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Archive for the ‘The greater good and social responsibility’ Category

How does lean operations interact with how workers are treated? That is the question behind an article in Stanford Business (Lean manufacturing benefits workers and the bottom line, Autumn 2016). Here’s the story in a nutshell. Nike began working with its apparel suppliers to implement lean operations at the suppliers’ factories. This entailed bringing in managers to train them and then supporting them as they began implementing lean assembly lines.

While one side of Nike is doing that, another is going out and auditing suppliers for how well they maintain labor standards. This team is monitoring compliance with local labor laws as well as Nike’s own standards. They are passing out letter grades. Suppliers that are doing well get As and Bs. Those with major violations are getting Cs and Ds.

And, of course, both Nike teams are collecting data: Who has implemented a lean line? Who has cleared up their problems with overtime pay and so on? Some academics get a hold of that data and start to look at whether lean moves the needle on labor standards. (You can find a link to the academic paper here.)

Here is what they found. (more…)

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How is this for a bold assertion: All your clothes are made with exploited labor.

That is the title of a recent Atlantic article which discusses what Patagonia learned when it audited the practices of its second-tier suppliers. These are not the firms sewing sweaters or assembling backpacks. Rather these are the mills producing fabric and factories producing components that go into those sweaters and backpacks. It turns out that a lot of those mills were engaged in some dubious practices.

About one-quarter of those mills are based in Taiwan, and the majority were found to have instances of trafficking and exploitation.

The problems stemmed from how those mills found the people to work their factory lines. They didn’t hire workers themselves and instead turned to so-called labor brokers. These labor brokers charged migrants exorbitant, often illegally high fees in exchange for jobs. There were other red flags, too. Suppliers would open bank accounts into which the workers deposited their paychecks, so that fees for labor brokers could be automatically deducted. Workers’ movements were also restricted through the confiscation of passports. The recruitment and hiring process used by many labor brokers can create a cycle of fear and debt that leaves workers neither able to leave their jobs nor to make a decent living.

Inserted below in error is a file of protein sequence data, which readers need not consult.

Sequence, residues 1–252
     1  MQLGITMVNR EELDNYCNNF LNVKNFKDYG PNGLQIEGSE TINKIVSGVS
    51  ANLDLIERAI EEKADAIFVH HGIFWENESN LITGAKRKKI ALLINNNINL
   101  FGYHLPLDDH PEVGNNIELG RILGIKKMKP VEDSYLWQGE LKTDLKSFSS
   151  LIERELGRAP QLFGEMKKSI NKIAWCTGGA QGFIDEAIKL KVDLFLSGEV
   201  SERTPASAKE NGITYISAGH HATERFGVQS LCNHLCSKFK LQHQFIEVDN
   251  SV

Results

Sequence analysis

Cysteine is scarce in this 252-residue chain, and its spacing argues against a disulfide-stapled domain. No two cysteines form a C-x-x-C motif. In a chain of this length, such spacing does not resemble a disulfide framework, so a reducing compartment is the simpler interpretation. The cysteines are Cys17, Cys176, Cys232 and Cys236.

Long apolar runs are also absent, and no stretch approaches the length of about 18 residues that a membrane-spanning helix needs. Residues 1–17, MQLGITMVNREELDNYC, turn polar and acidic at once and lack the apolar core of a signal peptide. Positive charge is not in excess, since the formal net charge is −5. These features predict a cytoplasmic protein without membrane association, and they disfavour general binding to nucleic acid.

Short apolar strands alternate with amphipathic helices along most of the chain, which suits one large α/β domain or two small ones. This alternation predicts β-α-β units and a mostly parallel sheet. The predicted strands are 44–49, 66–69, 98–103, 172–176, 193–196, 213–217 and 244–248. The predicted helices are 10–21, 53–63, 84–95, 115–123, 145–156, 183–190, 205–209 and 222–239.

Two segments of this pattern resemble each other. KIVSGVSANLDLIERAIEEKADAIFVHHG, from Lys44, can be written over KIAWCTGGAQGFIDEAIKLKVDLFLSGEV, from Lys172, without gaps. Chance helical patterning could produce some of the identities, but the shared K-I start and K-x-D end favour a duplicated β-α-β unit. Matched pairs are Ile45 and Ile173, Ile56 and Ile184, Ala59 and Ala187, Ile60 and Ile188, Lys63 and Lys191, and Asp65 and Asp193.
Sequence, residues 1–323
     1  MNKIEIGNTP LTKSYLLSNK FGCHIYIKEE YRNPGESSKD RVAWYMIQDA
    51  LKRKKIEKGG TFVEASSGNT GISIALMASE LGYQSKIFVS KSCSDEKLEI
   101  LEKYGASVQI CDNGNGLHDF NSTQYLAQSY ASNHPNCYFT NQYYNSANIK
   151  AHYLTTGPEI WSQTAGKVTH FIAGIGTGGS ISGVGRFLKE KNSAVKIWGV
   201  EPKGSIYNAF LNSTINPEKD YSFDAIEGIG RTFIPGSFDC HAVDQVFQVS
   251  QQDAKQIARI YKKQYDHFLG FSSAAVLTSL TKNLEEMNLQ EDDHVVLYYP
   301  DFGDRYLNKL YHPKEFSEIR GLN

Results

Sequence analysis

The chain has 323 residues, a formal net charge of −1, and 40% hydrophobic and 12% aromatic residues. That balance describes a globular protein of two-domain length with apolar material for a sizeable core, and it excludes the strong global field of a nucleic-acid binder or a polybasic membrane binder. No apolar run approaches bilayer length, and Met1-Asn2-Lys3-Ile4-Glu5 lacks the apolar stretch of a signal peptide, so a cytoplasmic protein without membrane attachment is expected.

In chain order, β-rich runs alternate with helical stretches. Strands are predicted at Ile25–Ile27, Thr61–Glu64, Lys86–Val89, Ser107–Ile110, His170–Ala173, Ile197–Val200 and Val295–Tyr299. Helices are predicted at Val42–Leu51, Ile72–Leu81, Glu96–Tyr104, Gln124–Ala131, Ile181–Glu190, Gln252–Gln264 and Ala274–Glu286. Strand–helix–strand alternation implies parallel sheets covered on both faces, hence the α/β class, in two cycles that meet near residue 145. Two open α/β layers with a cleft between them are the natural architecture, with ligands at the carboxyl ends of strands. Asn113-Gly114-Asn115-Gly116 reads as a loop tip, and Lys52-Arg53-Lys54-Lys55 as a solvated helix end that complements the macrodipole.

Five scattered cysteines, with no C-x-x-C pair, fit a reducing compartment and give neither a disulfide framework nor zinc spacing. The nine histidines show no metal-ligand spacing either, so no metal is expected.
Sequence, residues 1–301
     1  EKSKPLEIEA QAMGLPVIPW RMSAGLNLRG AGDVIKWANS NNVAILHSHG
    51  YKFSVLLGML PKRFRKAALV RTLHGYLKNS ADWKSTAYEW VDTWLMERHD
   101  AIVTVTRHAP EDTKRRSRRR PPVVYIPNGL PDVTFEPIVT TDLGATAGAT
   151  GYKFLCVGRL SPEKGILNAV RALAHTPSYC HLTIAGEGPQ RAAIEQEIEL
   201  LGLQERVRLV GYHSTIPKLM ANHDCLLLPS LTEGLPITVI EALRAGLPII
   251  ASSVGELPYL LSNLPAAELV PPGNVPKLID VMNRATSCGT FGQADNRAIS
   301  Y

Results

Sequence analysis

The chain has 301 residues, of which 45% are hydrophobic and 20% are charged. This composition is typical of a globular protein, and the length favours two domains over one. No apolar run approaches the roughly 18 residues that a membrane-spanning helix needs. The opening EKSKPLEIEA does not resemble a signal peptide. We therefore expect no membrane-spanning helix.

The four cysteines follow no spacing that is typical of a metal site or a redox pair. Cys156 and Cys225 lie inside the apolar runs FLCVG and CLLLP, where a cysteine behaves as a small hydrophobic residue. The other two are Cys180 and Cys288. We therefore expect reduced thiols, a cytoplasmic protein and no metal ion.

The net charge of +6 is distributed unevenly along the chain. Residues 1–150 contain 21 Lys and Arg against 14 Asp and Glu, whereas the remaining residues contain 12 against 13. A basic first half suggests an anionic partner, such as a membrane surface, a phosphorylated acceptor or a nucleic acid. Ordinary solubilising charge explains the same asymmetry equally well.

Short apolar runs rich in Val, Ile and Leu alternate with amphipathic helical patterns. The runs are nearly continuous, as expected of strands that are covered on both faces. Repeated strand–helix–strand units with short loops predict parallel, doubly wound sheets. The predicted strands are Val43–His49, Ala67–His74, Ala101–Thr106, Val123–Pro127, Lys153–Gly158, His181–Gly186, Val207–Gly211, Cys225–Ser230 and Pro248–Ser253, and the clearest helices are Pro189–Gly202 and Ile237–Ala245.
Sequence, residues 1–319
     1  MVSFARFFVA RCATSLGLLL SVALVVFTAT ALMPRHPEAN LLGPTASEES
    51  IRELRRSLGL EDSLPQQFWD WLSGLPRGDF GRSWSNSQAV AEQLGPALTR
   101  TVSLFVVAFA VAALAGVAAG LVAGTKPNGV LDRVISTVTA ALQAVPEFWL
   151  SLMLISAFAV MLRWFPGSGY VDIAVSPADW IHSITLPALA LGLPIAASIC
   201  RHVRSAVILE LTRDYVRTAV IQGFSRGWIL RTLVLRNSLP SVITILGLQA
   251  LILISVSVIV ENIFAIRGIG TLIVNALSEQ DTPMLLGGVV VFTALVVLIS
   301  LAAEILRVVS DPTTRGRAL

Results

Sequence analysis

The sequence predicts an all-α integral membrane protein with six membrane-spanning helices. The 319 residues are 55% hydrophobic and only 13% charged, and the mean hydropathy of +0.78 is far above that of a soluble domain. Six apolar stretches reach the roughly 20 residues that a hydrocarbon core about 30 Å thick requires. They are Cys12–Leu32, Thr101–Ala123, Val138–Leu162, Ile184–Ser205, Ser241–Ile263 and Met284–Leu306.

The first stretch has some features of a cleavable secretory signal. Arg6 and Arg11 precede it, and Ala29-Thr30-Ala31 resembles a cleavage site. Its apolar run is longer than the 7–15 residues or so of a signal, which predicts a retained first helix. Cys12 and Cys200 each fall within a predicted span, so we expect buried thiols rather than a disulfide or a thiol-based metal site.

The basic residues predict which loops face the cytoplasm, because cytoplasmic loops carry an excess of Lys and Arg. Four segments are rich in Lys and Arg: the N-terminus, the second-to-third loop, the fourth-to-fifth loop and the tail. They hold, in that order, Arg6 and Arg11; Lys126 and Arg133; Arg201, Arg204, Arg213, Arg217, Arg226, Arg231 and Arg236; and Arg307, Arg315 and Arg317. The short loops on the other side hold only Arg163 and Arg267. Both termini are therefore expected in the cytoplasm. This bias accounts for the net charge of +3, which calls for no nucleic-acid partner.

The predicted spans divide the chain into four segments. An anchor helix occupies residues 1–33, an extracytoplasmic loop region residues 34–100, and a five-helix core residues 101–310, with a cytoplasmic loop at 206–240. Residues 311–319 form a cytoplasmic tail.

The article goes on to explain that sourcing labor through brokers is both legal and common in Taiwan. It is arguably necessary for the mills to be cost-competitive. Still it is an embarrassment for a brand such as Patagonia which has staked quite a bit on being a better global citizen than the typical clothing brand. (Check out the social responsibility page on their website.)  (more…)

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There have been several things written over the last couple of years about working conditions in Amazon fulfillment centers. (See, for example, here, here, and here.) Now we have a BBC report complete with hidden-camera video of what it is like inside a fulfillment center.

If you prefer to read, you can also check out “Amazon workers face ‘increased risk of mental illness’” (Nov 25).

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It is hard to think of a more challenging problem: How do you distribute necessary medicines in a developing country lacking infrastructure? That is question tackled by Simon and Jane Berry, two Brits trying to reduce childhood deaths from diarrhea in Africa. Diarrhea is the leading cause of death for children under five — which is tragic since it is not some mysterious disease. It is completely treatable by standard and (in the grand scheme of things) cheap medicines. But you need to get the medicines out to rural areas. The Berry’s solution was a packaging innovation that lets them piggyback on existing, super efficient supply chain. Whose supply chain? Here’s a hint, their not-for-profit is called ColaLife (ColaLife: Turning profits into healthy babies, BBC, Jul 22).

Simon Berry and his wife Jane had come up with a strikingly-simple idea – a package for medicine that slotted into the empty space at the top of a crate of soft drink bottles, fitting neatly in between the bottlenecks.

A dazzling idea, to piggyback the delivery of the diarrhoea medicine for babies onto one of the most efficient distribution systems in the world. Go anywhere and you will find a shop selling Coca-Cola. And the plastic packaging is ingenious – once opened it becomes a measuring device.